Musician Ivan Pavlov uses the Russian word СОН as his stage name. He has been actively giving performances since the late 1990s and is considered to be one of the most original representatives of the experimental electronic underground. His music, mostly computer-synthetized, has a place for both humor and lyricism. From the very beginning of his career Ivan Pavlov has been working on his concept of post-pop in electronic music based on the mechanisms of sound perception which included irony regarding the impossibility of the end of popular music. Currently Pavlov experiments with the ways of creating acoustic darkness and its possible effects on the listeners' perception of it.
This time Ivan Pavlov presents his new work in which he continues to study different impacts on the audience's emotional perception. His sound installation Untitled derives from the idea of the sound as being abstract by nature but often carrying associative context and, therefore, being simultaneously non-material and plastic. This duality inherent in sound perception makes it possible to imitate so credibly the ghostly substance of a spirit/phantasm and to artificially create a sensation of anxiety and fear. As the author says, "The sound has an obvious ability to steal unobserved into the spectator's emotional world."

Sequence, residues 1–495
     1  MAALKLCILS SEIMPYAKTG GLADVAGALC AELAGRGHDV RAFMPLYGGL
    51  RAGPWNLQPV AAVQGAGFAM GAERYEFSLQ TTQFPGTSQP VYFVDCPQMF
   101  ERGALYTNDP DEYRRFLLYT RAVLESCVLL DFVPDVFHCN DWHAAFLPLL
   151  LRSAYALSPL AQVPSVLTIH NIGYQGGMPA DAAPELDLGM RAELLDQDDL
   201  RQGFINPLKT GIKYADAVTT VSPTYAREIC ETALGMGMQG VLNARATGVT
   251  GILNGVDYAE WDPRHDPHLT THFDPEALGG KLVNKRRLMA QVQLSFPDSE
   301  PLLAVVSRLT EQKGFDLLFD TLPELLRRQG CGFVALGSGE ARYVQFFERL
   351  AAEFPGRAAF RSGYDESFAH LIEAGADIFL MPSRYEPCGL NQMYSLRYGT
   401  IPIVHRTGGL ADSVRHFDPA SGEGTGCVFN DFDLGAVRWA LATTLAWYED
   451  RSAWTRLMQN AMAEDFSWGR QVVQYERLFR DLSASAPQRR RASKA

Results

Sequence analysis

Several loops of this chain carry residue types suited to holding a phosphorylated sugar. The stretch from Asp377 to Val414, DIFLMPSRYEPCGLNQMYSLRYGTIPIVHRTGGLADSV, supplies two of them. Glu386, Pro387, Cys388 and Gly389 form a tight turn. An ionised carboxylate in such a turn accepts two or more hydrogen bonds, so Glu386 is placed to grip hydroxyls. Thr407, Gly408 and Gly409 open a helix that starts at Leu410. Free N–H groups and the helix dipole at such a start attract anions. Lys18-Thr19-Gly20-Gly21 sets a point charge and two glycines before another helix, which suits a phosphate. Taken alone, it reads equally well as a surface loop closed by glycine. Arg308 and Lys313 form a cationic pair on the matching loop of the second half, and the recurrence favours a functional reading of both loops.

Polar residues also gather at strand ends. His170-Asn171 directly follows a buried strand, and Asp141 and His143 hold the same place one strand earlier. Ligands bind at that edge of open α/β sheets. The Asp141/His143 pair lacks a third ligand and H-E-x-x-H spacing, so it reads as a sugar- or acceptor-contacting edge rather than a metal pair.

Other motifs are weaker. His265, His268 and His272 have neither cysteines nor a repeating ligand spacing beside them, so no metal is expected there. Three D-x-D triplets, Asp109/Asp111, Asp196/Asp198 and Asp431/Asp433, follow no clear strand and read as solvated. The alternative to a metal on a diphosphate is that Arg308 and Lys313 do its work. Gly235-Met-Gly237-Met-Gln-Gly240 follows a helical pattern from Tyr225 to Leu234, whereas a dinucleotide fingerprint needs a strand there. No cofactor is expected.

The sound installation Untitled, which is composed of amorphous sound fragments from different other works displayed at the exhibition The Haunted House, transforms the specters from those works into a kind of a "meta-phantasm". According to Pavlov, "Thanks to the sound the spirits/ghosts slip out of their rooms and imperceptibly accompany the visitors, either singly or in a tangle of unfamiliar combinations." These reflections of the once seen are well able not only to change human perception but also to recreate the spirits of the earlier past or even quite unconsciously affect a person's subconscious directly with the echo of something experienced long ago.